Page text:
Jason Lazarus - Heinecken Studies (2010)
“Lazarus’s super-saturated color fields are sprinkled with the cremated remains of the late artist Robert Heinecken, on first glance resembling star systems photographed in deep space.”
From an interview with the artist by Forrest Martin:
FM: When most people first look through the magazine, they assume these images are telescopic visions of space and star clusters. In fact, they’re photograms of a man’s ashes. Can you explain what photograms are, and why this seemed like the best thing to do with a salt shaker full of incinerated flesh and bone?
JL: Photograms are simply photographic paper that has been exposed to something other than a projected negative image. After struggling for a long time with how to work with the ashes, it became obvious that the process was the most appropriate way to pay homage to Heinecken because of his distinctive commitment to this particular way of creating imagery.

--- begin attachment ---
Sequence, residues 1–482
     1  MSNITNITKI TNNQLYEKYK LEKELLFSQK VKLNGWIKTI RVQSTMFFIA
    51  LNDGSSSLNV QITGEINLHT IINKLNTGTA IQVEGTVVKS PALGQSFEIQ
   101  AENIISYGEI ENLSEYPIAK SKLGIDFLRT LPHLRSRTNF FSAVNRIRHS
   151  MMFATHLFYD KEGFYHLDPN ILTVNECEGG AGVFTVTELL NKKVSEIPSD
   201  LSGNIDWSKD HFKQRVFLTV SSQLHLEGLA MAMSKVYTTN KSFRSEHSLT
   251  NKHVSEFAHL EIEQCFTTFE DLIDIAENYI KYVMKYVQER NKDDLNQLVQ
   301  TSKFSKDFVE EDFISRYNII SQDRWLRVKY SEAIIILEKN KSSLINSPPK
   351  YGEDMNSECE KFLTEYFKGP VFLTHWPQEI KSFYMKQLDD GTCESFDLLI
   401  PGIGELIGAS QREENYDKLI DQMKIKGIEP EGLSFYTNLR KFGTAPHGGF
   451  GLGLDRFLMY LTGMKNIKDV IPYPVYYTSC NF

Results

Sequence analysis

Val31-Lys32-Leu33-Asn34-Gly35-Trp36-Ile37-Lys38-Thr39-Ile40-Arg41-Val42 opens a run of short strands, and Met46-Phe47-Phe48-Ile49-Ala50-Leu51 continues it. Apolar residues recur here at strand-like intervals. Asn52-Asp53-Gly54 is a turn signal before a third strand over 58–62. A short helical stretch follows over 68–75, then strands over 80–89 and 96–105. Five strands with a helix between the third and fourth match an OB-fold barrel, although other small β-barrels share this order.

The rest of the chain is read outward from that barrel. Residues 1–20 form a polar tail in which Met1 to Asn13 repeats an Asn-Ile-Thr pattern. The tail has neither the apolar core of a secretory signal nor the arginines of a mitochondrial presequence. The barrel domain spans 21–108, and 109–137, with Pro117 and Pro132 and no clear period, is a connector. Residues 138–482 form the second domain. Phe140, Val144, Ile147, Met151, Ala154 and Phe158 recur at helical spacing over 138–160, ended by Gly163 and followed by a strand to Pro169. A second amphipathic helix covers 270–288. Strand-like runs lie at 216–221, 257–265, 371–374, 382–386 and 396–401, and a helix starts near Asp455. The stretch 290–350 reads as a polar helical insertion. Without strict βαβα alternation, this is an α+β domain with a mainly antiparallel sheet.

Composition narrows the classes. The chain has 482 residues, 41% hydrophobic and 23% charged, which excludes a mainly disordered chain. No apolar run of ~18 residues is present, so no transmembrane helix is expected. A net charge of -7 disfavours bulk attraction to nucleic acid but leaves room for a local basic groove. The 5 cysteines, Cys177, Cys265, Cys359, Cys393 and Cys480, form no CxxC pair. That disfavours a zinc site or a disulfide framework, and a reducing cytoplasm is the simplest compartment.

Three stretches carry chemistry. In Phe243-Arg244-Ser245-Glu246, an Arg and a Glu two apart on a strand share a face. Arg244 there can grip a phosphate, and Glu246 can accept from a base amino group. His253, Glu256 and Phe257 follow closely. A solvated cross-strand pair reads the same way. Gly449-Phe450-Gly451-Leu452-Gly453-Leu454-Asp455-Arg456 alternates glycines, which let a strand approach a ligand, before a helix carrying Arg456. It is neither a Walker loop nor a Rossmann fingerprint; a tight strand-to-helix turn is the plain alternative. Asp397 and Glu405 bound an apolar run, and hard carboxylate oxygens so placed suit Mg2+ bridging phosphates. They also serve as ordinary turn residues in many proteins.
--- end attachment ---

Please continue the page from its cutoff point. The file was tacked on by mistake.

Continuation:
I decided to create a series of photograms where each image was a response to the photogram made before it. The first photogram is solid cyan, and each one that follows is some variation color filtration, time, multiple light sources, multiple exposures, and burning/dodging.
This loop from creation and experimentation to assessment and creation again seemed to me the answer to respecting the spirit in his many years of making photographic works.
The series of 25 images was made in one sitting at Columbia College Chicago. It felt important to not break the creative process once I started.
FM: When handling Robert’s cremains for this project, did you treat them in any special way?
JL: Yes and no. At first I was literally trembling when opening the salt shaker. It was a great moment to reconcile myself with not only a great photographer, but mortality as a physical material in my hand. In the complete blackness of the color darkroom and once you get into a groove, the material ends up spreading out around your work area, getting on your clothes — there’s no way to avoid it. The working process became about gaining familiarity and comfort with the texture and feel of the material rather than fetishizing it.